Natalie is my friend; it’s OK, I’ve written about strangers before, I disclose anything you wish, immaculately, assailably. I intended to write about Blood Makes in a post that would highlight several recent books by poets who live close to my house in Philadelphia. That post would have also discussed the newest book by one of my colleagues at the University of the Arts, Sebastian Agudelo’s Each Chartered Street (Saturnalia, 2013, 83 pages), a collection of searing urban pastorals that treats the place “between the hair product aisle / and the Sista’ Chips by the cashier /at WengWai’s Convenience Mart” and a curb’s “vials, dime bags, spent condoms” with the meditative range that Hecht and Wilbur brought to Italian fountains and monuments. Agudelo’s ornately poised sentences are at once incisive and prismatic, as in the opening of “Corner”:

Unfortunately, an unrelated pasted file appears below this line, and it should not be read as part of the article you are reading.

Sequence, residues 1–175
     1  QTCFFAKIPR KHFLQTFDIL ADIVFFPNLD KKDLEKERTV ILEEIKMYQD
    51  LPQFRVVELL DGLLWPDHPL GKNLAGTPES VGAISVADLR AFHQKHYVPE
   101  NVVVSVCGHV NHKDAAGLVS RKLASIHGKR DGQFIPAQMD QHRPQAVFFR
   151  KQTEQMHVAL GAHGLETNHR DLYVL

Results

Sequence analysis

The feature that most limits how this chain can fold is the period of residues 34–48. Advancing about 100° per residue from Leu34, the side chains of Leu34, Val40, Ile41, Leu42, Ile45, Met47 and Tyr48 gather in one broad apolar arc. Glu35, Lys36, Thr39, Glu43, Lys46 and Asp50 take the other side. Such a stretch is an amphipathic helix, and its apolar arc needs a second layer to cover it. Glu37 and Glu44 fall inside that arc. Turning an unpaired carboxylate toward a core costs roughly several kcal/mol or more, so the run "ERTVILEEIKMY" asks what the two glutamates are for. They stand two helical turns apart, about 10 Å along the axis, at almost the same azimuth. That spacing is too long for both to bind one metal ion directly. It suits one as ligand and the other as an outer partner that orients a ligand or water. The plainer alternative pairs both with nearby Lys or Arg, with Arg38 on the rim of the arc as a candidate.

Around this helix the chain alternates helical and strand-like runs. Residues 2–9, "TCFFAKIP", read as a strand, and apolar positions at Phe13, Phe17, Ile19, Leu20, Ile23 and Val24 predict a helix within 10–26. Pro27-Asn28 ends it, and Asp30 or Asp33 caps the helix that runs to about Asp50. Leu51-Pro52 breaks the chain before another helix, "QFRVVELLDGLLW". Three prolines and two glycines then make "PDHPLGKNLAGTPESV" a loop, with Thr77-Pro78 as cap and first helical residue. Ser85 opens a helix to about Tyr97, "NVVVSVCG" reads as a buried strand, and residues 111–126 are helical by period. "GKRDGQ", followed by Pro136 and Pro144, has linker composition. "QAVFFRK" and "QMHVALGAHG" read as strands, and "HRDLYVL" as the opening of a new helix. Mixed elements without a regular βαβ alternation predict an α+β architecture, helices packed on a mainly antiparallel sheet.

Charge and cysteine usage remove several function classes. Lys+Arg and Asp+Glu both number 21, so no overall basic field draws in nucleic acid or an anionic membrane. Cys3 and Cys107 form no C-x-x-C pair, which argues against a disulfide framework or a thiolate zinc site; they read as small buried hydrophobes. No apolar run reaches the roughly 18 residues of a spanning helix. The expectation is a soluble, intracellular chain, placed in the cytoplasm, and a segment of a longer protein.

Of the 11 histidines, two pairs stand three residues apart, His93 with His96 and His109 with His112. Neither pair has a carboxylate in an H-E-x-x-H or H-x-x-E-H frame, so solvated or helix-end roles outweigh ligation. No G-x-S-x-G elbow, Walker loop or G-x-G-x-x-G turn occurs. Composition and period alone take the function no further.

To chart this country, what better coordinates
than Wayne and Coulter, at the stoplight now,
when going northwest, a Chevy Impala coup—
detailed with racing stripe to match the neon
glowing from the undercarriages, rims spinning
to a distortion that gathers more momentum
every beat—is commandeered by a kid adjusting
his lycra du-rag in the rear-view mirror